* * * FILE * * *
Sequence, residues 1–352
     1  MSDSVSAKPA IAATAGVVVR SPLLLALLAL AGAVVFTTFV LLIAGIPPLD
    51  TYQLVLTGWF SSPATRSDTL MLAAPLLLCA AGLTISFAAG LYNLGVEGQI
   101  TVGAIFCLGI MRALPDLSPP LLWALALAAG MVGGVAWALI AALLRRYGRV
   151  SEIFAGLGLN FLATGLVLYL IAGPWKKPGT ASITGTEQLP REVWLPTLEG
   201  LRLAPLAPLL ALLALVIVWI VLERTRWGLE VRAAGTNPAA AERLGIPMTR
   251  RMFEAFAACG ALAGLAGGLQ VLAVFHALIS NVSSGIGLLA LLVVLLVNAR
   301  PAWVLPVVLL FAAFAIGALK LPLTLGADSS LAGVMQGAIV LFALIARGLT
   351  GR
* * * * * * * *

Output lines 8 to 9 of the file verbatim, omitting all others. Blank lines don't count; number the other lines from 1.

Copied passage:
   301  PAWVLPVVLL FAAFAIGALK LPLTLGADSS LAGVMQGAIV LFALIARGLT
   351  GR